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  • Jun. 28
  • Richard Parker

6 Resume Tips for Getting Hired

You’re looking for work and suddenly the job of your dreams is calling out to you from your laptop screen. You know you can do it if only somebody will give you the chance, but you also know there will be many others chasing the same post. Somehow you have to persuade this company that you have something to offer which the others don’t, but how will you do that?

The chances are, the person whose task it is to sift through the applications and to whittle them down into a manageable shortlist won’t know you or anything about you. Everything you have at your disposal to persuade that person that you are at the very least deserving of an interview must be on that initial application. If it fails to impress, you will never get the opportunity to dazzle the interviewer with your subject knowledge, experience and limitless charisma. One chance, it’s make or break.

So let’s look at some general rules for making an immediate impact with your resume:

#1: Include a Covering Letter

Your resume itself needs to be kept short and to the point, and so a covering letter can give you a second bite of the proverbial cherry when it comes to imposing your personality on your application. Research undertaken by ZipRecruiter, a leading online marketplace for jobs, suggests that including a cover letter increases your chances of securing an interview by nearly a third.

#2: Keep It Brief

You may feel that your working life story is the stuff of which epic novels are written, but your potential employer is going to see lots, possibly hundreds of them. Striking the balance between including all relevant information and resisting the temptation to overwhelm it with trivia is key.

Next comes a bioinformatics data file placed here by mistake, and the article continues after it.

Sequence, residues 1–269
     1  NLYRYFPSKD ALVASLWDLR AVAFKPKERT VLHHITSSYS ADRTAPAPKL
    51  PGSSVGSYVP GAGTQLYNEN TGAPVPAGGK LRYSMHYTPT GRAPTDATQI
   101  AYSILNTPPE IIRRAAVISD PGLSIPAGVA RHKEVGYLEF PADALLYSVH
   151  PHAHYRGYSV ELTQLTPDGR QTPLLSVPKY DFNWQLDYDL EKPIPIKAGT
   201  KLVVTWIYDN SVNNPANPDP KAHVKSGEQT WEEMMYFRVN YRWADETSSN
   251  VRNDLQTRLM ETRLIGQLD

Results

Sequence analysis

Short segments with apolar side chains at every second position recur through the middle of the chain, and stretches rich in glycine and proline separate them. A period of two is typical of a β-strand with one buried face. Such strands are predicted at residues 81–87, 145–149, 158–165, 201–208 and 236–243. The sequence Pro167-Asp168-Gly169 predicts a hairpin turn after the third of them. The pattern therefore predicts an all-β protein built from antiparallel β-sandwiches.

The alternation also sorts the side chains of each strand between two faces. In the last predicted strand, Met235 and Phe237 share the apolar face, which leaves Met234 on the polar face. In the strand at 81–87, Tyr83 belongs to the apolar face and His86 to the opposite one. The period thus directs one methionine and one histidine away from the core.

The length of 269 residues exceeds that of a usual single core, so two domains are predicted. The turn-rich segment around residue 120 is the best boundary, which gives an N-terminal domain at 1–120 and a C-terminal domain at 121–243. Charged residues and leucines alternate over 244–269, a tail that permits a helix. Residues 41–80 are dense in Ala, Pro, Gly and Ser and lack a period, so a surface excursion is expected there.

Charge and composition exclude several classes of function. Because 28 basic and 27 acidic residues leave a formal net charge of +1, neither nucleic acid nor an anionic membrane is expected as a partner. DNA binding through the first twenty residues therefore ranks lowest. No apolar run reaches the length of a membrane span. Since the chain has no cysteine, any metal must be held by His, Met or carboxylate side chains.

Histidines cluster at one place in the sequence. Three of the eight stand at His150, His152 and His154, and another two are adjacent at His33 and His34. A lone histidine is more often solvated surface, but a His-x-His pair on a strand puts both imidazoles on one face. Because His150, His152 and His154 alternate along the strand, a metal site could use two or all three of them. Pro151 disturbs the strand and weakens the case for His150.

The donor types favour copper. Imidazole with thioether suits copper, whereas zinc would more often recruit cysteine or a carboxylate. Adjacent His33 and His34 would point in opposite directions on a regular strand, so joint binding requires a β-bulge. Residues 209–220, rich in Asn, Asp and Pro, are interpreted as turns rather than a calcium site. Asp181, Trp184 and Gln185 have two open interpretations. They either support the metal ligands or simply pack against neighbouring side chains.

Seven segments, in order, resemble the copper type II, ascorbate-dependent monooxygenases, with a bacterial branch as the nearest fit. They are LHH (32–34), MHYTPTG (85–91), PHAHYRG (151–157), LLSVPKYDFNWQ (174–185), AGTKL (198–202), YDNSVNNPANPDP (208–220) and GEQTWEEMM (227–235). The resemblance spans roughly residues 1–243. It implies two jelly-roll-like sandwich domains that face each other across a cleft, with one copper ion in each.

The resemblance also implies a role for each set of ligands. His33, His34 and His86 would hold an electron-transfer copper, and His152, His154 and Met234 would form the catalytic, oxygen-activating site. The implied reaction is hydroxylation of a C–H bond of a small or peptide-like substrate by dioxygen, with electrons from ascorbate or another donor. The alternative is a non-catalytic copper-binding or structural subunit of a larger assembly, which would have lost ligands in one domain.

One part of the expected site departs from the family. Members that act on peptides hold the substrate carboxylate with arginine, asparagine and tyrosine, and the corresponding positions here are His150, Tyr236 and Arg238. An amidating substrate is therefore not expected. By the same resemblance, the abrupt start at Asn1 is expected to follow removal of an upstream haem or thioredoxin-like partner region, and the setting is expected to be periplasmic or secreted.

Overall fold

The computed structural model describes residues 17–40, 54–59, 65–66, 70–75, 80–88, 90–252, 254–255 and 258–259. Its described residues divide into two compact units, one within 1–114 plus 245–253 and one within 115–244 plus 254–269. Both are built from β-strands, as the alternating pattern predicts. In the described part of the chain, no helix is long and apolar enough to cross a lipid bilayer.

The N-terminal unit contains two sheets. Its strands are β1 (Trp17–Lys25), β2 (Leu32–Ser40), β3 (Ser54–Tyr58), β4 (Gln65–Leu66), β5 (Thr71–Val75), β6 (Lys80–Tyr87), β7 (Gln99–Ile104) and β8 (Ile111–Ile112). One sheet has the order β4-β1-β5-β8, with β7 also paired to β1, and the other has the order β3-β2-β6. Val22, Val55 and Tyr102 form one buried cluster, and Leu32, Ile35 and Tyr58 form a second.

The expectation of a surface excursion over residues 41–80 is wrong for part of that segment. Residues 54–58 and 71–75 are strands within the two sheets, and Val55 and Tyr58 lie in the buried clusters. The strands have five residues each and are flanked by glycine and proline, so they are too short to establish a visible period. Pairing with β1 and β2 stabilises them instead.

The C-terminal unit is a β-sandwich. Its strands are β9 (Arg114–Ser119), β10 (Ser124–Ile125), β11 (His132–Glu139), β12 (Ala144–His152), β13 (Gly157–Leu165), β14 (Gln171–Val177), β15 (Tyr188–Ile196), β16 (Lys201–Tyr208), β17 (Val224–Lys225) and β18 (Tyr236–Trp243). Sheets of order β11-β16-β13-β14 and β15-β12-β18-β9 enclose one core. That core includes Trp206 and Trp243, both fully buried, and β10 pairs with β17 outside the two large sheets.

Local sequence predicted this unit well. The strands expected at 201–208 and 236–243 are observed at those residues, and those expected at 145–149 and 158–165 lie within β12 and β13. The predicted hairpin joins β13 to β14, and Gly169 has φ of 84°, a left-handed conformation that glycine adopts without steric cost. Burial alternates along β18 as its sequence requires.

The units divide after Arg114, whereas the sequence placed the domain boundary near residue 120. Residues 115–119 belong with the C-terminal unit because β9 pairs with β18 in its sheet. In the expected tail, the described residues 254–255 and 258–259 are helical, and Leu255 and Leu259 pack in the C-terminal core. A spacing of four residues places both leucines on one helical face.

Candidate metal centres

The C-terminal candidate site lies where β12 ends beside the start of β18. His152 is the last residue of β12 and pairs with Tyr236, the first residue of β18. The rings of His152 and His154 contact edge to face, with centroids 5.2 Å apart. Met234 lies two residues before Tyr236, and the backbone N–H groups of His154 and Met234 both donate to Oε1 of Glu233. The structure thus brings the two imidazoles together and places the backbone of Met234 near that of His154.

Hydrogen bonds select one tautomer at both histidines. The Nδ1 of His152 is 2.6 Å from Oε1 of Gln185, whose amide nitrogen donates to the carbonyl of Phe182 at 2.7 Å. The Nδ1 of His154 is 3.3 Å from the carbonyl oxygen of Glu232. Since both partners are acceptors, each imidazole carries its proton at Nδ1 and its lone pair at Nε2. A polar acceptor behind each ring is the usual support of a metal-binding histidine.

#3: Pay Attention to Formatting

Most employers expect to see one page of text, with your contact details prominently displayed and followed by the most relevant information about your work history listed in reverse chronological order. By all means be creative in your presentation, but don’t try to be clever with the sequencing of your work events. The interviewer is not going to invest too much time in trying to dig out the requisite detail if it isn’t where it is expected to be.

#4: Utilize Social Media

In the digital age the process of seeking employment is no longer simply about finding an advertisement in the local newspaper and firing off a letter. Much is done via social media, and in particular LinkedIn which is the dedicated platform of choice for professionals. If you haven’t done so already, teach yourself how to add resume to LinkedIn and take advantage of this excellent resource for showcasing your skills.

#5: Lead With Your Best Material

Work on the assumption that the recipient is going to be reading lots of applications, and that with the best will in the world their attention span is liable to be sorely tested. If the first 300 words of your resume is difficult on the eye and contains nothing to inspire then the latter part of your submission may well end up not being read at all. So stimulate their interest at the first available opportunity, and maybe save the more mundane material for later on.

#6: Don’t Ignore Appearance

Content may be king, but if the layout of your resume is a mess then what does that say to a potential employer about your approach to organization and to detail? Be consistent with spacing and other aspects of the formatting process. Avoid fonts which are flippant or un-businesslike – your job application is a serious business, so do whatever you can to make sure it is taken seriously.

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